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What UWB and architecture have in common?

Posted: 19 Mar 2004 ?? ?Print Version ?Bookmark and Share

Keywords:uwb? soc? itu? ipv6? optical storage?

Talking about UWB sometimes is like trying to sing about architecture. Apart from the excitement surrounding the applications, UWB is something that needs to be witnessed to be experienced. With the myriad of potential uses, devices, and approaches, it's as if we've already put the cart first and now need to teach our horses how to push.

As with anything that gets widely adopted, a standard in some way, shape, or form will follow. Although the UWB industry and commercialization have been a long time in the making, the time now is short. Before long we'll see this equipment on the mass, global market. This is why we must keep the big picture in mind. Undoubtedly, UWB in all its fashions is here to stay for many years to come. Thus, global harmonization is paramount and satisfying the ITU community's interference concerns is crucial.

Like most successful approaches, the one best served in the adoption of UWB will be the one that best facilitates interoperability and coexistence of mobile devices. The efficient use of spectrum is the key, management and reform of our use and assignment has definite sunsets as the unlicensed spectrum with digital coded sequences is on the horizon. In delineating a new way of doing things, we must approach it in such a manner as to find a common ground outside of frequency assignments and walled allocation.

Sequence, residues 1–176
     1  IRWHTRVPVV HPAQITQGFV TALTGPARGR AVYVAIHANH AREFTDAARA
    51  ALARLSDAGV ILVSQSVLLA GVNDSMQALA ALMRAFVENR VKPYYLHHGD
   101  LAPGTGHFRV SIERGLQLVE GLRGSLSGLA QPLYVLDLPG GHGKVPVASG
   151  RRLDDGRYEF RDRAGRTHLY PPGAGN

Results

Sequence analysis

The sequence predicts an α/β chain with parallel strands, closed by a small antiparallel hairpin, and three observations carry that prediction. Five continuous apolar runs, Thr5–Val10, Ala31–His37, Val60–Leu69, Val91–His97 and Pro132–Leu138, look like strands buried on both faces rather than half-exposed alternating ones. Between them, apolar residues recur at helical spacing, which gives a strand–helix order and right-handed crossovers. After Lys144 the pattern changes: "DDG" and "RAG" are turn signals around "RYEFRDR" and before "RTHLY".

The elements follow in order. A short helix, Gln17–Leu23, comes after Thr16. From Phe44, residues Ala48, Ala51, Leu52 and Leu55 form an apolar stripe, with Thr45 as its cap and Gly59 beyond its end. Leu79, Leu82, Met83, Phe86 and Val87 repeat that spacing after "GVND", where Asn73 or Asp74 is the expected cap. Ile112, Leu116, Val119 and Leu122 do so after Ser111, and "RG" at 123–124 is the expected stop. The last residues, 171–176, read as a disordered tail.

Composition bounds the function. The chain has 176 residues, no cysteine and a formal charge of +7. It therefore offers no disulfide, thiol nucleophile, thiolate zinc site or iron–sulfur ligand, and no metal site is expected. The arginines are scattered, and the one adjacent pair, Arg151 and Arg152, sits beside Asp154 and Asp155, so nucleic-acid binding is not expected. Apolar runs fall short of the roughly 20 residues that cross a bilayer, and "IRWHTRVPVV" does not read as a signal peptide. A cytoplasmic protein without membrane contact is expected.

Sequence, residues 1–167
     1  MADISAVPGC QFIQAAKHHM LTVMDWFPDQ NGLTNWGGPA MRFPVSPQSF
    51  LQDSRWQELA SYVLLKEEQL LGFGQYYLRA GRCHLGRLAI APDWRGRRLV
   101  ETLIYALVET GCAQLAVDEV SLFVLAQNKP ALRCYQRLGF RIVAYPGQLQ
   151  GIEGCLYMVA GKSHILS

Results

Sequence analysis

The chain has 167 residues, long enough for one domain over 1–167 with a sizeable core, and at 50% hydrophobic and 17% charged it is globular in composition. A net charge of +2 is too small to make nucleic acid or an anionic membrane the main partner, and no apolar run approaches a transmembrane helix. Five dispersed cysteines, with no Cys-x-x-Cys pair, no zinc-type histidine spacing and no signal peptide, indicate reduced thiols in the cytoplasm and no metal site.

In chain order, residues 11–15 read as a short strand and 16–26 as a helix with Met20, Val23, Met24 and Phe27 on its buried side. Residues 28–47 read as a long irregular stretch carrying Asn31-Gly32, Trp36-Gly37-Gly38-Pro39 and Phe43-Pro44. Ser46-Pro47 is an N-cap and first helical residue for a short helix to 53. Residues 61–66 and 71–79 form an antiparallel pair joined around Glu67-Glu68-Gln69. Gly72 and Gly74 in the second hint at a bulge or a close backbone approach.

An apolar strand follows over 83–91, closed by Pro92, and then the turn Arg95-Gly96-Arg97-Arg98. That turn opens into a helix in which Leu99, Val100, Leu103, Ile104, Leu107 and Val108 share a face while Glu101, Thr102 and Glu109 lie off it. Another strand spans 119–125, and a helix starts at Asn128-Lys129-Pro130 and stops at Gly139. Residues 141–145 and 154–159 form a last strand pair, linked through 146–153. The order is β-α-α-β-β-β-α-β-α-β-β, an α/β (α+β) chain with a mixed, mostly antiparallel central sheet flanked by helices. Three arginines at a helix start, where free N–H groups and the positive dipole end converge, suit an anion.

The future holds the promise of combining many developing technologies to create some pretty amazing things. Communication as we know it is about to change forever as the magic is already out of the bag. At the advent of advancing micro-motors to replace the battery, the SoC manufacturing process, antennae performance, and the miniaturization of optical storage, we'll soon see true data flow and mobility. Combining the robustness of UWB with applications which proliferate throughout the network, we'll create the opportunity to have everything, everywhere, all the time. Gigabit wireless, 10Gb Ethernet hubs, true native IPv6 transport via UWB over air, optics, cable and copper gives us huge capacity for throughput and connectivity. In some ways it opens up a wide array of privacy implications. As with issues of interference, we must adhere to a common etiquette and a code of ethics.

As to date, issues of in-band interference from common UWB devices and modulation translation are current challenges facing the engineering community. Am I excited about global adoption of UWB? You bet I am. It's an opportunity to use the radio frequency as determined by creativity, ingenuity and efficiency and not by leveraged buyouts of managed spectrum. I think it will both take over short-range applications and challenge mainstream communication technologies. Hopefully, the disruption is minimal as we migrate our way to a new dawn while ushering in a 2nd Report and Order.

- Gary Anderson

President & CEO

Uraxs Communications Inc.

This letter is part of the EE Times - Asia Open Loop feature regarding the Editor's Note on the impact of UWB devices in the current engineering community.

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